If you're like me, the outbreak of the novel coronavirus—and COVID-19, the disease it causes—has cleared out your social calendar.
Across the country, major events—like Austin's South by Southwest festival ("SXSW") and the NCAA Tournament—were cancelled, upending the expectations of millions. But these cancellations did more than affect social calendars. For many people, the cancellation of these events made worthless their once-valuable tickets or rendered futile venue reservations.
These cancellations have many asking, "Do I have to pay if I cancel my event?" I've fielded this question not only in my professional life but also in my personal one. My best friend cancelled his wedding, and this was the first question he asked me. The answer to this question—one that should be so simple—is often fact-specific. Like many legal questions, the answer is, "It depends." This article outlines three considerations that likely will play a role in determining whether you've got to pay in the face of COVID-19.
I. Force Majeure
Over the last weeks, we have written extensively on the topic of force majeure clauses in written contracts. And with good reason. These clauses, which may excuse contract performance in the event of an "act of God," likely are the easiest to determine your responsibilities, now that COVID-19 has ruined your event.
Many—but not all—contracts contain force majeure clauses. To determine if your contract contains a force majeure clause, you must read the contract. As my colleague Evan Musselwhite explained, force majeure clauses aren't always clearly labeled. Still, these clauses usually have a readily recognizable form. They usually excuse performance under a contract in the event of an "act of God," war, insurrection, or the like. The point is this: force majeure clauses often contain similar language.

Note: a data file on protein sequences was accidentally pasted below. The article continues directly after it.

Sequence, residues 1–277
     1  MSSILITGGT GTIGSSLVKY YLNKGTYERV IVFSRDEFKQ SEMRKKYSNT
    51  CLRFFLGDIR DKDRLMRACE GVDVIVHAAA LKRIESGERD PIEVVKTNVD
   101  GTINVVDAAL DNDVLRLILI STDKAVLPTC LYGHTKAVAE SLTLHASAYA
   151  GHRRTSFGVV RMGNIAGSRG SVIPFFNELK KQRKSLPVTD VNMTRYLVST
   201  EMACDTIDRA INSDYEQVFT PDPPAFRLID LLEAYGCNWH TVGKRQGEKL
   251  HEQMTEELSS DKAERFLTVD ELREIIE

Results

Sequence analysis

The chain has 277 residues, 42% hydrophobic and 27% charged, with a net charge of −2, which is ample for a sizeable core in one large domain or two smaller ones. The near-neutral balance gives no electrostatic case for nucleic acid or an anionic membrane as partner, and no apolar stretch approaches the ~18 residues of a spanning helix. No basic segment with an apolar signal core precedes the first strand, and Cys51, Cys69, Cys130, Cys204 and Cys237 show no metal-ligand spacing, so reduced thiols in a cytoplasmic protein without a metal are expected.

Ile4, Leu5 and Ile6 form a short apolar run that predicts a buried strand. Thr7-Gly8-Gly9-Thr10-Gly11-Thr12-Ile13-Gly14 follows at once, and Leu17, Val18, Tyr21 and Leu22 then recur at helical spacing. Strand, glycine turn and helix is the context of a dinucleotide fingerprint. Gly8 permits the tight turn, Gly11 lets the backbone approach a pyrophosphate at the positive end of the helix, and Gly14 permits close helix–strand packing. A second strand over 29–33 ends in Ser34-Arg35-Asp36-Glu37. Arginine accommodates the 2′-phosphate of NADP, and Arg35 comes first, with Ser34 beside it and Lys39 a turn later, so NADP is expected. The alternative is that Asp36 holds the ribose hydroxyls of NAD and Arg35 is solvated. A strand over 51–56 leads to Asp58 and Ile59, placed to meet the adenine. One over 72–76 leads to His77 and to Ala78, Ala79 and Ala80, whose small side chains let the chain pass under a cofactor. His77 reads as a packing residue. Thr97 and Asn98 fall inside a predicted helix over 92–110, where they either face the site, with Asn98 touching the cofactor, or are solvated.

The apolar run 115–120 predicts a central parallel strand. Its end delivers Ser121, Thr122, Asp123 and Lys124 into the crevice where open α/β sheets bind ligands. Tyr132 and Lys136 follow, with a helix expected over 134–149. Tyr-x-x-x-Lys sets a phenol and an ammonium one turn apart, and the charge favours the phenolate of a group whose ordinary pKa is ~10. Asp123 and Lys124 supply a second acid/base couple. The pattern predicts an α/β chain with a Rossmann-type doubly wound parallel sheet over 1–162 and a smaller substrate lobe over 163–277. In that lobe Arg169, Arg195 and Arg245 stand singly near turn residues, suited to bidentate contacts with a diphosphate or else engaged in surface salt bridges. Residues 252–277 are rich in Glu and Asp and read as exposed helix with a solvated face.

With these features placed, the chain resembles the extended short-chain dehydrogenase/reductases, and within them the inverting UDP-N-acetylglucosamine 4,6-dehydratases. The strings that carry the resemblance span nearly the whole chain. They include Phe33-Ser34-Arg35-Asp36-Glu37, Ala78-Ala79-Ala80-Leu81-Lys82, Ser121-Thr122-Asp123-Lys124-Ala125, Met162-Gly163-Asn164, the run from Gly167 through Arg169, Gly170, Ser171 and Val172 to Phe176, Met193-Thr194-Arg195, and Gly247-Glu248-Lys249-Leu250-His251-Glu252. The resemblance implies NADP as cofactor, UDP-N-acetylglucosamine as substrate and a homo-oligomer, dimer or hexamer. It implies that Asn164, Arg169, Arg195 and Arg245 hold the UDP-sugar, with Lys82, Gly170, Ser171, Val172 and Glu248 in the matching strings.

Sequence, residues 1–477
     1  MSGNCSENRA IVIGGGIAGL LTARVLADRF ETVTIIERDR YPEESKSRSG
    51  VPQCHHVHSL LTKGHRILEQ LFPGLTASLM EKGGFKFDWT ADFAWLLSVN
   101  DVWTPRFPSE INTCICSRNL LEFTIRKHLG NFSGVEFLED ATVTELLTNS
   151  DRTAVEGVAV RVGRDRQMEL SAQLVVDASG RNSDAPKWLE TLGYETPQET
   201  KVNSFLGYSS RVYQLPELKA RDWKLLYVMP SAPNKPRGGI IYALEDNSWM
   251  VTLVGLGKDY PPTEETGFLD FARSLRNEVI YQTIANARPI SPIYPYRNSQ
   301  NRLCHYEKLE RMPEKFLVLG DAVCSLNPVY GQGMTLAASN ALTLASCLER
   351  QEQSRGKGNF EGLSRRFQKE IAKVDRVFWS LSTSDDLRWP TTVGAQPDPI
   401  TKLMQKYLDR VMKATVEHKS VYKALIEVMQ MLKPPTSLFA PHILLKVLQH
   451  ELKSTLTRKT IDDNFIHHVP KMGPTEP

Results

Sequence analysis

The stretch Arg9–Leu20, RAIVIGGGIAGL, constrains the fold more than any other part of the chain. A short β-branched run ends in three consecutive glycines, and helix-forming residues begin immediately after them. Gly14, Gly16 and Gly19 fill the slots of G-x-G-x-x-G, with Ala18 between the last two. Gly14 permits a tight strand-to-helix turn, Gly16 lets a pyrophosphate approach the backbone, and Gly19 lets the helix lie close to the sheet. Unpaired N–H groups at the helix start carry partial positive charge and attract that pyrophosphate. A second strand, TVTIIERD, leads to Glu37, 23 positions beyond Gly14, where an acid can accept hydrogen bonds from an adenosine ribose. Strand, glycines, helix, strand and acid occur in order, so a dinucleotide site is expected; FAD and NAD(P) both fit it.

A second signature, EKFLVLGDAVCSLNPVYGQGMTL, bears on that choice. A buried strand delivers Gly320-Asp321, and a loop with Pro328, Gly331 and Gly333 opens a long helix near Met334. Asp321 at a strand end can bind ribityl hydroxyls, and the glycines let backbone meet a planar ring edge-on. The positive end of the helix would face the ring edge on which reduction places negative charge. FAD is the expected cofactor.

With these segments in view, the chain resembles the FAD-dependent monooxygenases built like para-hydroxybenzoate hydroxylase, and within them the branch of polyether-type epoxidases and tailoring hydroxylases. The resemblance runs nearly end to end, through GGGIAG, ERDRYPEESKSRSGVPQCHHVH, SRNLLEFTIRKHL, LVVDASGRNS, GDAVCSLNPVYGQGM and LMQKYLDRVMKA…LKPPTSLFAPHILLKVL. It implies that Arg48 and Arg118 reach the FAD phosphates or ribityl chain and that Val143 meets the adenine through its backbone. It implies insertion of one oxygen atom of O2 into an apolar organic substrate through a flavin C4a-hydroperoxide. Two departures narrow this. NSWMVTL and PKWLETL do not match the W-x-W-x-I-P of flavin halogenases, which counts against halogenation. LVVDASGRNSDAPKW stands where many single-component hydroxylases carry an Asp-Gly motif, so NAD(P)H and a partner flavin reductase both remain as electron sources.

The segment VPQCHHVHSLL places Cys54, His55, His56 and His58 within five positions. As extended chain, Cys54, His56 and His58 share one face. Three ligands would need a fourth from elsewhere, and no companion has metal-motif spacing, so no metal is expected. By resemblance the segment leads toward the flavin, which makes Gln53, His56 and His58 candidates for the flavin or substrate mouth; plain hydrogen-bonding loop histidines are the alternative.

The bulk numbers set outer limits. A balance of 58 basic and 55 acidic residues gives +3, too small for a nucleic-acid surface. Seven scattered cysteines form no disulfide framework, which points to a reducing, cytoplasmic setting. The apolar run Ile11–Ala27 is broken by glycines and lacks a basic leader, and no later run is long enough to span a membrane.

A pandemic, like the one caused by COVID-19, may fall within the scope of your force majeure clause. As explained above, these clauses usually follow a formula—they list a series of horrific events that, through the fault of neither party, make performance of the contract impossible. While these clauses follow a pattern, they are not created equal. It is imperative that you read your force majeure clause. Some, for example, may expressly excuse performance in the event of a pandemic. If that is the case, you're in luck; you likely are off the hook. Other clauses are less clear. Some may include the more standard "act of God" language. There is a decent chance that a cancellation caused by COVID-19 falls within the scope of that phrase. But as of now, the answer is unclear. Because COVID-19 is so new, that theory is untested.
Even if your force majeure clause covers COVID-19, your right to a refund depends on the clause's language. Yes, it's true. Some force majeure clauses allow one or both parties to undo the contract. In that instance, your obligation to pay likely will be excused. But other clauses will hold you to your bargain.
What if you have no written contract? Or what if your contract does not contain a force majeure clause? If relying on a force majeure clause isn't an option, an alternative may be the doctrine of impossibility. The Supreme Court of North Carolina has recognized this doctrine.
Impossibility, though, is difficult to prove. In North Carolina, impossibility excuses performance with a contract when "the subject matter of the contract is destroyed without fault of the party seeking to be excused from performance." Brenner v. Little Red Sch. House, Ltd., 302 N.C. 207, 209 (1981).
Because COVID-19 will—at some point—pass, the doctrine of impossibility is probably a poor fit for most COVID-19 related cancellations. To apply the doctrine of impossibility, courts require a showing that the subject matter of the contract was literally and permanently destroyed. It is not enough that the subject matter of the contract is temporarily unavailable—even if that temporary unavailability might last for years. For example, the North Carolina Court of Appeals has suggested that an easement agreement—one establishing an easement that was used by an apartment's tenants as a loading zone—was not impossible even though the City of Charlotte had since designated the easement a fire lane. The reason: the City might "at some point" determine that the easement no longer needed to be a fire lane. All that is to say: because you could reschedule your wedding, or because the artist could reschedule that concert, the doctrine of impossibility is unlikely to grant you any relief from your requirement to pay.